Not recognizing the workarounds nurses are doing as actually innovations shows, again, the disconnect between how we view the stature and importance of nurses to transform healthcare. I think the danger of not recognizing nurses as innovators is it undermines their value and their role. But more importantly, it prevents the transformations we so desperately need to address in healthcare. 

So, the danger of not exploring the world of nurse innovation or recognizing nurse-led innovations is to miss out on perhaps catalyzing a transformation in healthcare. 

There is no one closer to the patient than the nurse and they understand where all the gaps of care are; where all the challenges to our current healthcare system exist. 

If we can give nurses a seat at the table and recognize these innovations then we might actually be able to move healthcare forward in a way that many people say it should. 

What balance do you think should be struck between challenging the status quo and maintaining protocol?

Following protocol is always going to be important within the system, because protocols have been in place based on evidence-based practice and research to maintain the best outcomes. 

The importance is to give time and space so nurses can bring these innovations and workarounds forward so that they can improve the system. There has to be a balance. 

In a place where life and death are on the line, following protocol is the safest path in almost every situation. But there are always going to be those outliers, those moments where challenging the status quo and thinking differently is warranted - if you keep doing things and expecting different results, then that’s the definition of insanity. There are moments when you have to try things differently to make progress.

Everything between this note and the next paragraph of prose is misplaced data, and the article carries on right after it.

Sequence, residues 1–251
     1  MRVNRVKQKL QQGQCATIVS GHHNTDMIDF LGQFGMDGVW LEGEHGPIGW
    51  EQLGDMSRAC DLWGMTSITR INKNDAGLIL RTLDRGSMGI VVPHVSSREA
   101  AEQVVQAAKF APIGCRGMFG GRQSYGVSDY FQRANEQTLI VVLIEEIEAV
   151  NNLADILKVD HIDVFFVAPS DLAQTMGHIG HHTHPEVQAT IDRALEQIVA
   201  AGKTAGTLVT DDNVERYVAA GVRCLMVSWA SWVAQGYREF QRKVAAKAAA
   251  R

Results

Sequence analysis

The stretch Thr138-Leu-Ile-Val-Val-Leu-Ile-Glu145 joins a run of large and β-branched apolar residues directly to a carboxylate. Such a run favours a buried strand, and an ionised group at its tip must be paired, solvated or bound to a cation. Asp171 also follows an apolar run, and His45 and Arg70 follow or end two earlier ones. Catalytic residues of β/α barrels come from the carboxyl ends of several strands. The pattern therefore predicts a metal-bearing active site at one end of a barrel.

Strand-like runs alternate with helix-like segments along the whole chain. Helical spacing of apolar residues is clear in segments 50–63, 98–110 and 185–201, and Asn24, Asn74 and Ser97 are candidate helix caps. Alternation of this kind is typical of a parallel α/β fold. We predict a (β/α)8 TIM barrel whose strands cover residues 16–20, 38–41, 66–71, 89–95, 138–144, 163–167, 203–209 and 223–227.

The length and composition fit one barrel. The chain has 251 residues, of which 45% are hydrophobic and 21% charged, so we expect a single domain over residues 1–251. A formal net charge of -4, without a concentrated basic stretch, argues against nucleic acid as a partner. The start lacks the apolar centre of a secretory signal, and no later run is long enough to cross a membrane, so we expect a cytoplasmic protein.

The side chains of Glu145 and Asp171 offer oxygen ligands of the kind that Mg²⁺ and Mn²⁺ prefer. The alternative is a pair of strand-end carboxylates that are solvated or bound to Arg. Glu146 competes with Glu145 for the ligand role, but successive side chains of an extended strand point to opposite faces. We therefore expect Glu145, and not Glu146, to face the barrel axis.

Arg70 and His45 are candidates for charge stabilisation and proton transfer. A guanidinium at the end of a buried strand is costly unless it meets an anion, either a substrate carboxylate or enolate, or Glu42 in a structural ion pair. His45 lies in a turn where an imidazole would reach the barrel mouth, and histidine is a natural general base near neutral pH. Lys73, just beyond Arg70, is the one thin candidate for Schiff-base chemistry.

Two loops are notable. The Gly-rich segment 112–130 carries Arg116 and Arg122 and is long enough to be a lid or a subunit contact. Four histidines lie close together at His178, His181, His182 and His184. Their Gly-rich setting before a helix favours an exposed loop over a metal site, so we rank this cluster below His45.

What we need to do in our healthcare system is recognize nurses are dealing with these bottlenecks everyday. We have to create a system in healthcare where the nurses can safely maneuver those bottlenecks and also be given the time, space and resources to address problems so that they can create the solutions to improve patient care for all. 

How did you become involved in the business and entrepreneurial realm of nursing?

I learned the hard way. I started my own company as a nurse because I wanted to make it easier for nurses to find a job and for my hospice patients to find nurses and my nursing students to find jobs. So, I created a company and I thought it was as easy as putting up a website and everything would work out. For five years, I struggled every single day to figure out how to build a company and that was my entry into the world of business — the school of hard knocks. That’s when I went to a Hackathon and it changed my perception, I realized how I, as a nurse, had never been taught business skills. In the course of a weekend at the Hackathon, I learned more about the business side of healthcare than I had learned in a year of trying to start a company.